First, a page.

In both cases, the justices ordered the trial courts to reinstate the original judgment of conviction.

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  1. Just an aside, but regardless of the outcome, I 'm proud of Judge William Hughes. He was the original magistrate on the Home place issue. He ruled for Home Place, and was primaried by Brainard for it. Their tool Poindexter failed to unseat Hughes, who won support for his honesty and courage throughout the county, and he was reelected Judge of Hamilton County's Superior Court. You can still stand for something and survive. Thanks, Judge Hughes!

  2. CCHP's real accomplishment is the 2015 law signed by Gov Pence that basically outlaws any annexation that is forced where a 65% majority of landowners in the affected area disagree. Regardless of whether HP wins or loses, the citizens of Indiana will not have another fiasco like this. The law Gov Pence signed is a direct result of this malgovernance.

  3. I gave tempparry guardship to a friend of my granddaughter in 2012. I went to prison. I had custody. My daughter went to prison to. We are out. My daughter gave me custody but can get her back. She was not order to give me custody . but now we want granddaughter back from friend. She's 14 now. What rights do we have

  4. This sure is not what most who value good governance consider the Rule of Law to entail: "In a letter dated March 2, which Brizzi forwarded to IBJ, the commission dismissed the grievance “on grounds that there is not reasonable cause to believe that you are guilty of misconduct.”" Yet two month later reasonable cause does exist? (Or is the commission forging ahead, the need for reasonable belief be damned? -- A seeming violation of the Rules of Profession Ethics on the part of the commission) Could the rule of law theory cause one to believe that an explanation is in order? Could it be that Hoosier attorneys live under Imperial Law (which is also a t-word that rhymes with infamy) in which the Platonic guardians can do no wrong and never owe the plebeian class any explanation for their powerful actions. (Might makes it right?) Could this be a case of politics directing the commission, as celebrated IU Mauer Professor (the late) Patrick Baude warned was happening 20 years ago in his controversial (whisteblowing) ethics lecture on a quite similar topic: http://www.repository.law.indiana.edu/cgi/viewcontent.cgi?article=1498&context=ilj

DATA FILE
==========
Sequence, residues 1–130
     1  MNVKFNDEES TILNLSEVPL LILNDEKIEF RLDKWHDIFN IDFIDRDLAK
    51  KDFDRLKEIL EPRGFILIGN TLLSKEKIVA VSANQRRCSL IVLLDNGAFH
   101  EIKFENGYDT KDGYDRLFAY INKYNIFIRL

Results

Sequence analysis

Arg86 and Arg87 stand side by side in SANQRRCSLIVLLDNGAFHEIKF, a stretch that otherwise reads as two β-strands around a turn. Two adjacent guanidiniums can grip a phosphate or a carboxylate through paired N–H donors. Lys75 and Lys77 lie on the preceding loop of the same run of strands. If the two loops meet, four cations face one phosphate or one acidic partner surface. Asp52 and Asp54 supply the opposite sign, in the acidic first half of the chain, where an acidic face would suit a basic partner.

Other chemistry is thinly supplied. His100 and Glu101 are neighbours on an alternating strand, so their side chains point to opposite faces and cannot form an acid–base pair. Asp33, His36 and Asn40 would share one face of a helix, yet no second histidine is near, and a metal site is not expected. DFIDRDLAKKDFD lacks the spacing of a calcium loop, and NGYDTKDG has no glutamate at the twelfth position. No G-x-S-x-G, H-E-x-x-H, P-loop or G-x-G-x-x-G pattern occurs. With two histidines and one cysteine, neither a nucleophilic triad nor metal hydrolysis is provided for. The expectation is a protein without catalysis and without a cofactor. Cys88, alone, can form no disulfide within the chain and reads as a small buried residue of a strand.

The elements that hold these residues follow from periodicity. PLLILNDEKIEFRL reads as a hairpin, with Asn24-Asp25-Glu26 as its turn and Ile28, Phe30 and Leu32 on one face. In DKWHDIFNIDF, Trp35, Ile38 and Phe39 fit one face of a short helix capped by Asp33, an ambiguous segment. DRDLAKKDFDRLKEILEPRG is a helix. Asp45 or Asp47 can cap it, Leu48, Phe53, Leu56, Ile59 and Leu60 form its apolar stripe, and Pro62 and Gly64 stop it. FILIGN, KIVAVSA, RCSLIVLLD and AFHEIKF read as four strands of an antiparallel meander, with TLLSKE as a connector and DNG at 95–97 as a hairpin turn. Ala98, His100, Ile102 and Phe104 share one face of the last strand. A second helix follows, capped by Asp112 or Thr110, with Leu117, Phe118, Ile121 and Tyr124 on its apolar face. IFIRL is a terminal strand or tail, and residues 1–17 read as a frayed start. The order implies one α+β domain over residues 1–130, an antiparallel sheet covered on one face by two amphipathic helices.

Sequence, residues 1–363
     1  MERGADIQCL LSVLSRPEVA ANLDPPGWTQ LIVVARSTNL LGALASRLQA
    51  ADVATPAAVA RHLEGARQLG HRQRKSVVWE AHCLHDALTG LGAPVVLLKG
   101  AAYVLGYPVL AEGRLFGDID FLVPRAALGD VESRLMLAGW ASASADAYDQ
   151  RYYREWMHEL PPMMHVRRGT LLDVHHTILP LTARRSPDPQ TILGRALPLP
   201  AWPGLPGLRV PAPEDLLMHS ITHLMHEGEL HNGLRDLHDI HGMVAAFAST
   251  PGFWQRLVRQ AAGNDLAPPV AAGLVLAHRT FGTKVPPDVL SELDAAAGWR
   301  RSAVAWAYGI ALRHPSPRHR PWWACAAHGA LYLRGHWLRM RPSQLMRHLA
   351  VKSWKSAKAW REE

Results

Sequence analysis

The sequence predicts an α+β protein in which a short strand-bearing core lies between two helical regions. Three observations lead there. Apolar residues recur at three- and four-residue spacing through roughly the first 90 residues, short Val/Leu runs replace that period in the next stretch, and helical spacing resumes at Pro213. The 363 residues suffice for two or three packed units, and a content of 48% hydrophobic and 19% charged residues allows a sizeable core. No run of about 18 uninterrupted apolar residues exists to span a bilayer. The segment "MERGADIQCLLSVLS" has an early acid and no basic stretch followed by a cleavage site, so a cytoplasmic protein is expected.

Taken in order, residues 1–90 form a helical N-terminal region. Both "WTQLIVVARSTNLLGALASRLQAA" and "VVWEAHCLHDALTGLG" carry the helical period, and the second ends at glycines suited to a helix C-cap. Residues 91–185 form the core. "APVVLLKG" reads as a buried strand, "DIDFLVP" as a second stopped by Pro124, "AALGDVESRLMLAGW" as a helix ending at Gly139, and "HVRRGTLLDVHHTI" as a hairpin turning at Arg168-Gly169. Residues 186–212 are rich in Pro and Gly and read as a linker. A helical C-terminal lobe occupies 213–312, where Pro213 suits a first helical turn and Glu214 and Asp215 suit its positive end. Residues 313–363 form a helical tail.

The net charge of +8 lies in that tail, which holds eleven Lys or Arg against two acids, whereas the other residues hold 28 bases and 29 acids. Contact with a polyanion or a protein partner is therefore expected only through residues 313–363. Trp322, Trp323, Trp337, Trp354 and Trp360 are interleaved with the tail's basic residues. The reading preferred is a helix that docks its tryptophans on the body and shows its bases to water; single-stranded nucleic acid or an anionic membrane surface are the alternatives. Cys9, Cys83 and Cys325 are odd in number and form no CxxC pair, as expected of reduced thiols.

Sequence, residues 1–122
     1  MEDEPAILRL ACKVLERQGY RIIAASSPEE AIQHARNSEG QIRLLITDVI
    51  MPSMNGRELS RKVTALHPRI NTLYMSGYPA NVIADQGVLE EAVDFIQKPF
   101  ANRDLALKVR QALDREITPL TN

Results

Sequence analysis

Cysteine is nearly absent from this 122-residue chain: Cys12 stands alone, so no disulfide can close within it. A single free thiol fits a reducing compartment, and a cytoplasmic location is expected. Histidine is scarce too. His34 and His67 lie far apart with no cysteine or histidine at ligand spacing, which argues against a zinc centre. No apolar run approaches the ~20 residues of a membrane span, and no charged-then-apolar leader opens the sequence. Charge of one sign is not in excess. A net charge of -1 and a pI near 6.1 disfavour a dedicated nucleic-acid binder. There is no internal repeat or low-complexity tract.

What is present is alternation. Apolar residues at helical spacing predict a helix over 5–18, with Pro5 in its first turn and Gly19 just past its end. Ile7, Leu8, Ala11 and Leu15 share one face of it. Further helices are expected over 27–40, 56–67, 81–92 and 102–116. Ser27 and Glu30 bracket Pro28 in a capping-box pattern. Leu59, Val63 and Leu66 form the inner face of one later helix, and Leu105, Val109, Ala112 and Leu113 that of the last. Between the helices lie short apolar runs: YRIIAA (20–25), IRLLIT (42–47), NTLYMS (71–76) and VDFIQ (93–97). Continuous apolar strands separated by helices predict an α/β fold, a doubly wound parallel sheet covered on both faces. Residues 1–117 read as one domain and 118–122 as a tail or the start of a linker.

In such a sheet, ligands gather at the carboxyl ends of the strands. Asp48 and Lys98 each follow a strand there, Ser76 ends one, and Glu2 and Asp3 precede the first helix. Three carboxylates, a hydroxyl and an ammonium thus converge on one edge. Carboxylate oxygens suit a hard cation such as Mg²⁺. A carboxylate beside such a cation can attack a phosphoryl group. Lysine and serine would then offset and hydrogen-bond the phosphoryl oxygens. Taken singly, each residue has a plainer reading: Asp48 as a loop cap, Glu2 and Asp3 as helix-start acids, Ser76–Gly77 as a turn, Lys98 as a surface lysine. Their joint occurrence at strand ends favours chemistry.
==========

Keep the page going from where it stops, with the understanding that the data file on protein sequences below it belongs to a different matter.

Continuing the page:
5. I have a case presently pending cert review before the SCOTUS that reveals just how Indiana regulates the bar. I have been denied licensure for life for holding the wrong views and questioning the grand inquisitors as to their duties as to state and federal constitutional due process. True story: https://www.scribd.com/doc/299040839/2016Petitionforcert-to-SCOTUS Shorter, Amici brief serving to frame issue as misuse of govt licensure: https://www.scribd.com/doc/312841269/Thomas-More-Society-Amicus-Brown-v-Ind-Bd-of-Law-Examiners